Hitler replied to Torch by flying paratroopers over to seize Tunisia and then following up with major reinforcements - far larger forces than those he had denied Rommel in summer 1942. Rommel's retreat across Libya was sufficiently skilled to get his forces to Tunisia and to launch a surprise attack in January 1943 on the exposed and ill-trained American forces at the Kasserine Pass before the British caught up from the east. Moreover, the Luftwaffe gave Allied air forces in Algeria serious trouble, while the arrangements between air and ground in Algeria were considerably behind the procedures that the desert air force and army had already worked out.
In fact, the reinforcing Axis forces in Tunisia were in an impossible strategic position. Once Allied air forces had sorted themselves out, they imposed a stranglehold on Axis supply lines. Ultra decrypts provided detailed intelligence of the movement of those supplies by sea and air; by the end of March, Allied air attacks had closed down the movement of shipborne supplies. The Luftwaffe then made a desperate attempt in April and early May to supply hard-pressed Axis troops by an aerial bridge, but this was no more successful than the Stalingrad effort. The results were even more devastating, as Allied fighter forces, alerted by decrypts, consistently intercepted and decimated transport formations. But Axis leadership in the theater, did not do much to help; Johannes Steinhoff, the great German ace, traveling through Italy in early 1943 on his way to take up command in Tunisia, was astonished by the luxury and comfort of Kesselring's staff. The great man himself, according to Steinhoff's memoirs, was completely out of touch with combat conditions and was sickenly optimistic. Ultra decrypts indicated that Kesselring was pressing his fighter pilots throughout the battle to act with the fanaticism of the Japanese. Not surprisingly, the Luftwaffe suffered casualties that it could not afford.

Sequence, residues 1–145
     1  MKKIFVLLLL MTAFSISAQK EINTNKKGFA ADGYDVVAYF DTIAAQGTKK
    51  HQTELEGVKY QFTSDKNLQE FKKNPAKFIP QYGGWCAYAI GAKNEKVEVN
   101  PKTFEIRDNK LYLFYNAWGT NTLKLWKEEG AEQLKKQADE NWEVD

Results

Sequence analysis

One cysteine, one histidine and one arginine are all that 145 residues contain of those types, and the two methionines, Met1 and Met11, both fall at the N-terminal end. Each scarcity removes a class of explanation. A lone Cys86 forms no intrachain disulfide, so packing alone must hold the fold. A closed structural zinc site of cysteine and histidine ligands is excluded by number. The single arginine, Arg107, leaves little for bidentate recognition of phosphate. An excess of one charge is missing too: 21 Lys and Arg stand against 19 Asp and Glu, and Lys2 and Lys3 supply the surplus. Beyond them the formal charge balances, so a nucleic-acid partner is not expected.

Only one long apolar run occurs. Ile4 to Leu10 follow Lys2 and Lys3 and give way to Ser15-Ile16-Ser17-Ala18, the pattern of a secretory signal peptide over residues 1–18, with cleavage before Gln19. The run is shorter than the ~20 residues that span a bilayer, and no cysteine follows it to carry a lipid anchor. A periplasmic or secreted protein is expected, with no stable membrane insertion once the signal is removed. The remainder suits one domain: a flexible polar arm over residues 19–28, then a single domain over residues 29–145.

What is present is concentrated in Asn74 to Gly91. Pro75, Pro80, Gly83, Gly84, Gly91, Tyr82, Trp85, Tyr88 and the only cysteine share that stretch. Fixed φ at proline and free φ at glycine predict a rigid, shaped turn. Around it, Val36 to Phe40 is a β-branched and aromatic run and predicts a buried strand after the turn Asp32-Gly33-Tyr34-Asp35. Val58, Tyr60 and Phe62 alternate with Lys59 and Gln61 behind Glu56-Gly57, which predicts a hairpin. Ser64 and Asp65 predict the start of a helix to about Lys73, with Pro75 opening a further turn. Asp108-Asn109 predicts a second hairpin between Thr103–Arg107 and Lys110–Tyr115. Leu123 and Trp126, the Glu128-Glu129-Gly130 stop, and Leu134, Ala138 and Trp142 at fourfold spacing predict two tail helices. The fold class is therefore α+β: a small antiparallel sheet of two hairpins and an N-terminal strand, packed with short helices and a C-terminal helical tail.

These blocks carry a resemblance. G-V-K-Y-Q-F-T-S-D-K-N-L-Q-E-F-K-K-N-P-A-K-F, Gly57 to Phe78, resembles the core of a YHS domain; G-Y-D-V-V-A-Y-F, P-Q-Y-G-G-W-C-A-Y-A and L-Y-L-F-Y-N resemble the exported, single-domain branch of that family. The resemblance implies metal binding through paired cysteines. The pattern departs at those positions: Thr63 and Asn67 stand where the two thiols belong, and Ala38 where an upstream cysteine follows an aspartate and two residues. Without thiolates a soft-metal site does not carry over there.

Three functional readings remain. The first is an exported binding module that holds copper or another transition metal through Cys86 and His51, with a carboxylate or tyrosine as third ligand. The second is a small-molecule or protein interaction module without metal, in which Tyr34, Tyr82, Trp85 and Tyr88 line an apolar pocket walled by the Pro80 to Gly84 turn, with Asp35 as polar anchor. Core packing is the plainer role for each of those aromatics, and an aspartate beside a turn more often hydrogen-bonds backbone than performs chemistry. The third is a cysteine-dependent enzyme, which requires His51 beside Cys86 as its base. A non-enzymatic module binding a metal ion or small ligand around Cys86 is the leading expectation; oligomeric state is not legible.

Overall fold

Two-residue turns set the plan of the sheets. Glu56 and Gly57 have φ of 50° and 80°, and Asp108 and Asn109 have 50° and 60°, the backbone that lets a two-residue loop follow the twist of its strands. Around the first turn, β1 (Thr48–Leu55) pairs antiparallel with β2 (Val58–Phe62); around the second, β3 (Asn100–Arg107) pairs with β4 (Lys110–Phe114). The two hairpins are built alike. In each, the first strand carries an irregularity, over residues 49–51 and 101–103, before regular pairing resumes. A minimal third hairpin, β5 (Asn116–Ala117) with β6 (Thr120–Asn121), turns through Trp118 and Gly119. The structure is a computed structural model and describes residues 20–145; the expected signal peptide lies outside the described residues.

German troubles in the theater were, however, only beginning. With the collapse of the Tunisian pocket, Allied air forces turned their attention to destroying German and Italian air power throughout Sicily and southern Italy in preparation for Operation Husky - the code name for the invasion of Sicily. By now Allied aircraft based in North Africa were attacking industrial targets in northern Italy. The response of US air commanders in the Mediterranean to actual combat conditions indicates that they were better able to adapt in that theater than was the case in England. As early as May 1943, Major-General James Doolittle, commander of the Twelfth Air Force in the Mediterranean, was warning General Hap Arnold, commander of the US Army Air Force, that large formations of heavy bombers would not survive against strong Luftwaffe opposition unless accompanied by long-range escort fighters.
The preparation for the invasion of Sicily in July 1943 and that of Italy in September 1943 precipitated the last great air battles in the Mediterranean. By now, the Luftwaffe was unable to stand up to Allied numbers. In his depressing memoirs covering the fighting over Sicily, Steinhoff records the terrible pressure on German fighter squadrons, where the new pilots died almost immediately, while the experienced simply lasted a bit longer. For a loss of over 1,000 aircraft in July and August, the Luftwaffe achieved little but to deplete further its own force structure and make it less able to withstand the swelling pressure of the Combined Bomber Offensive.